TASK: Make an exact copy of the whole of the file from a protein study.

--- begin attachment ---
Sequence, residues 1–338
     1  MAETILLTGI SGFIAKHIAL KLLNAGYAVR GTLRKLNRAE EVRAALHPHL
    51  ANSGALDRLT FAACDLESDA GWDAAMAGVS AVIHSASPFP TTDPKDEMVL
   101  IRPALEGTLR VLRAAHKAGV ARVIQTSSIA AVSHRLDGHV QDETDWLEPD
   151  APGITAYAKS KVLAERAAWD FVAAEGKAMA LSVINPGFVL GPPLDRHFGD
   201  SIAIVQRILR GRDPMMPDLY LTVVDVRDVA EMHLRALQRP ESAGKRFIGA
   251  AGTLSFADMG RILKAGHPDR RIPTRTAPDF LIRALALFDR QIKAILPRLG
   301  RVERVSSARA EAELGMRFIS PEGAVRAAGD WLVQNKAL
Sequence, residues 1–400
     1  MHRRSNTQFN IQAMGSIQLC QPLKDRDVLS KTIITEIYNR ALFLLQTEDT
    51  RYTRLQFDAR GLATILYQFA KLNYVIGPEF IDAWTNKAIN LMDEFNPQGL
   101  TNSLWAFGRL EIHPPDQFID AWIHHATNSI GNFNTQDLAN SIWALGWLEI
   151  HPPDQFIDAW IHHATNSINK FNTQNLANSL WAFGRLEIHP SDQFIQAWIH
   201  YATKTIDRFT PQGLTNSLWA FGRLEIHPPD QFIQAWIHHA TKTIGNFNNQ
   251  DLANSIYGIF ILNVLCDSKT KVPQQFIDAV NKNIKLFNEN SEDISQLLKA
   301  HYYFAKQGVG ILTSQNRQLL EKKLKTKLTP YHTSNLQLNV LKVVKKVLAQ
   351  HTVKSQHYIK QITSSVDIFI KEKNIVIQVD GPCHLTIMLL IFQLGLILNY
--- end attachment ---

Sequence, residues 1–338
     1  MAETILLTGI SGFIAKHIAL KLLNAGYAVR GTLRKLNRAE EVRAALHPHL
    51  ANSGALDRLT FAACDLESDA GWDAAMAGVS AVIHSASPFP TTDPKDEMVL
   101  IRPALEGTLR VLRAAHKAGV ARVIQTSSIA AVSHRLDGHV QDETDWLEPD
   151  APGITAYAKS KVLAERAAWD FVAAEGKAMA LSVINPGFVL GPPLDRHFGD
   201  SIAIVQRILR GRDPMMPDLY LTVVDVRDVA EMHLRALQRP ESAGKRFIGA
   251  AGTLSFADMG RILKAGHPDR RIPTRTAPDF LIRALALFDR QIKAILPRLG
   301  RVERVSSARA EAELGMRFIS PEGAVRAAGD WLVQNKAL
Sequence, residues 1–400
     1  MHRRSNTQFN IQAMGSIQLC QPLKDRDVLS KTIITEIYNR ALFLLQTEDT
    51  RYTRLQFDAR GLATILYQFA KLNYVIGPEF IDAWTNKAIN LMDEFNPQGL
   101  TNSLWAFGRL EIHPPDQFID AWIHHATNSI GNFNTQDLAN SIWALGWLEI
   151  HPPDQFIDAW IHHATNSINK FNTQNLANSL WAFGRLEIHP SDQFIQAWIH
   201  YATKTIDRFT PQGLTNSLWA FGRLEIHPPD QFIQAWIHHA TKTIGNFNNQ
   251  DLANSIYGIF ILNVLCDSKT KVPQQFIDAV NKNIKLFNEN SEDISQLLKA
   301  HYYFAKQGVG ILTSQNRQLL EKKLKTKLTP YHTSNLQLNV LKVVKKVLAQ
   351  HTVKSQHYIK QITSSVDIFI KEKNIVIQVD GPCHLTIMLL IFQLGLILNY